THE FIRST THING TO KNOW:
Mysticism is not a very nice word.
In a recent post I said that you will not find that word mentioned very often at psnt.net. This is true, despite the fact that negative theology and the third way are closely related to mysticism. My favorite professor and academic advisor at Candler refuses to use the words mystic or mysticism in his classes, although he teaches a lot about mystics and mysticism. I try to follow his example. Why avoid these words so religiously? Because they’re terribly misunderstood. For example, the synonyms of mysticism, according to thesaurus.com, are:
cabala, cabalism, cabbalism, kabala, kabbalism, ontologism, orphism, pietism, quietism, spiritualism, Satanism, black art, demon worship, demonianism, diabolism, magic, necromancy, sorcery, voodoo, witchcraft, witchery, wizardry, abracadabra, alchemy, bewitchment, black art, black magic, charm, conjuring, devilry, divination, enchantment, evil eye, hocus-pocus, incantation, jinx, magic, mumbo jumbo, occultism, spell, thaumaturgy, voodoo, witchcraft, witchery, witching, wizardry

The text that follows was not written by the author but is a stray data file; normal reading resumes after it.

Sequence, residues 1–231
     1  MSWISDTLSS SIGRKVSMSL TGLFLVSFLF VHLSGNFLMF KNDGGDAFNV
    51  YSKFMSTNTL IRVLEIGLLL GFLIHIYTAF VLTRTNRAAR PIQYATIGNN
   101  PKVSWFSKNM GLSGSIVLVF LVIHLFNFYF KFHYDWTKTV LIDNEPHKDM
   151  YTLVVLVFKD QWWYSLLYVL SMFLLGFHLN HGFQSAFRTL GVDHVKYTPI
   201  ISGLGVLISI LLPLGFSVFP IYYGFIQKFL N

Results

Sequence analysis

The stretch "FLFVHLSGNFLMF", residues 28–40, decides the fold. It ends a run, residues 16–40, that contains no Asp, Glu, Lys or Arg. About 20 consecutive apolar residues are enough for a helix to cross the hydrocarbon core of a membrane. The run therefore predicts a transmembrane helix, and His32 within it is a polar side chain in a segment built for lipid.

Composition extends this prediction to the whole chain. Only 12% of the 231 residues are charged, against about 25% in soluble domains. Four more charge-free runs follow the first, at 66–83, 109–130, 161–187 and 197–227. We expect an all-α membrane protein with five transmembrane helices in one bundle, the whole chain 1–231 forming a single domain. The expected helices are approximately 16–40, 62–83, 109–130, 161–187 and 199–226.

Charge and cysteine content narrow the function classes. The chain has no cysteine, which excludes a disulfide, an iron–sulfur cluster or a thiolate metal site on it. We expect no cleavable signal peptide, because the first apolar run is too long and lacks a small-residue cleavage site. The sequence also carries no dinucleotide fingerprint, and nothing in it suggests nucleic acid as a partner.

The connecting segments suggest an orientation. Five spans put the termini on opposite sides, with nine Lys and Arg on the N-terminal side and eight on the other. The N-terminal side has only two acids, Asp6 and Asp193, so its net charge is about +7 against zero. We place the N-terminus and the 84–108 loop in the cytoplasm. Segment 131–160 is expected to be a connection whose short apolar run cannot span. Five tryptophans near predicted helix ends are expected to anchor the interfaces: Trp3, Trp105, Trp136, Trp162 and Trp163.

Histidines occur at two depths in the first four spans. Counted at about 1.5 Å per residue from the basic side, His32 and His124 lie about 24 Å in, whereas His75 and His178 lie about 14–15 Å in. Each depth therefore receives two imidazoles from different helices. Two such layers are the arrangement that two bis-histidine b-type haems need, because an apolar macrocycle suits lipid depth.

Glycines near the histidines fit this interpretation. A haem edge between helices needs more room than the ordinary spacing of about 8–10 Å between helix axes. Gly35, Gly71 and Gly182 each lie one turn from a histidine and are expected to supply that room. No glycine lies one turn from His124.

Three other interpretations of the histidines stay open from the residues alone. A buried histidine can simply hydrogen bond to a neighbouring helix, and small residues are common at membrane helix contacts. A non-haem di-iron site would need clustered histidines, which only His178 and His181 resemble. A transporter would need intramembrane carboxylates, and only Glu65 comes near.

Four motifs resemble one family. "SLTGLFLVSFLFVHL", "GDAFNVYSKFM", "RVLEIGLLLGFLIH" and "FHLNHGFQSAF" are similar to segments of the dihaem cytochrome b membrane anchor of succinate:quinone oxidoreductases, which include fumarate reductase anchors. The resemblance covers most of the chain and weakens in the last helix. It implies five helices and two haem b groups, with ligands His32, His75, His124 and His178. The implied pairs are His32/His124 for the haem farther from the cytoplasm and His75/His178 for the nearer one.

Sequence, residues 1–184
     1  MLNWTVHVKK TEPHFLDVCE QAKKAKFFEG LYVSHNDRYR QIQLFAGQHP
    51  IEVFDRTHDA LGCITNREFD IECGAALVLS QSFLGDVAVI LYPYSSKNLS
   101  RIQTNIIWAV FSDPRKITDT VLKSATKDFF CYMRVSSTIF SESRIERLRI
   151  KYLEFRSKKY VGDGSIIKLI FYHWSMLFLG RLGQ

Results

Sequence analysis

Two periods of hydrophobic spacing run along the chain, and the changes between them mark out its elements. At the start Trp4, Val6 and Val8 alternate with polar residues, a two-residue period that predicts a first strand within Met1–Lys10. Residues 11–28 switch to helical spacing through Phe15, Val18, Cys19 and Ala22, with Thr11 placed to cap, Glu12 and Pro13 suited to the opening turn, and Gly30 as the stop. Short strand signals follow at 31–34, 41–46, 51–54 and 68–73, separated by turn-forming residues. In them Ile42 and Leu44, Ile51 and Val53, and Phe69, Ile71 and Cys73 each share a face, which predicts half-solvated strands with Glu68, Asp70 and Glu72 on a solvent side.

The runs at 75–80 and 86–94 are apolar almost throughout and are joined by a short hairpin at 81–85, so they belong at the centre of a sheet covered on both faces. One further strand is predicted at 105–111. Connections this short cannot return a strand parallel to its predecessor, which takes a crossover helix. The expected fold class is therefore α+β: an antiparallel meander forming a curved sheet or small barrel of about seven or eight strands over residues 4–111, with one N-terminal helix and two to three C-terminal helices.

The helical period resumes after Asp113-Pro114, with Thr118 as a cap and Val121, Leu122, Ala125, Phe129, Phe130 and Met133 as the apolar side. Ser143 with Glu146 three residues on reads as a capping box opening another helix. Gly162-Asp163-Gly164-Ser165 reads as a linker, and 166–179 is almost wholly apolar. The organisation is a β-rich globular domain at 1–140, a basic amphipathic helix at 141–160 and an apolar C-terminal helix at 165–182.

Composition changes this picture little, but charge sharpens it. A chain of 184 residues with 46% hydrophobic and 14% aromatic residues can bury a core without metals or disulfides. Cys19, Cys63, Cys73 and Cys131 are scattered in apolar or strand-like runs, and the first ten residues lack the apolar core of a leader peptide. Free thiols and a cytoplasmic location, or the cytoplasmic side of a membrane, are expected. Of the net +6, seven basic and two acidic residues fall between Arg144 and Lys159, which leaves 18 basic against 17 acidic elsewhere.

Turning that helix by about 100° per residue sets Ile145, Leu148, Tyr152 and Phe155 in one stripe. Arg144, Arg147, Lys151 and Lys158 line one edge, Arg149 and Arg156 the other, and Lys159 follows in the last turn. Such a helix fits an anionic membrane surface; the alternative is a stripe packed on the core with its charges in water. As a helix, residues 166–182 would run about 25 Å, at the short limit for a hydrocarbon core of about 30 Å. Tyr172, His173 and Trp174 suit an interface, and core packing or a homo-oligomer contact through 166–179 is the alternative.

The association of mysticism with Kabbalah, the contemplative dimension of Rabbinic Judaism, is not so troublesome (except for the recent and unfortunate Madonna resonance). But the others? Voodoo? Jinx? Necromancy? Satanism? Good grief. You now see why my professor and I avoid the M word.
But the M word refers to a stream within Christianity that is nearly as old as the faith itself. From Anthony the Great and the Desert Fathers through Meister Eckhart, Teresa of Ávila, and John of the Cross, all the way up to (and beyond) Thomas Merton, mysticism is a strong and living tradition, despite the recent and steep devaluation of its label.
THE SECOND THING TO KNOW: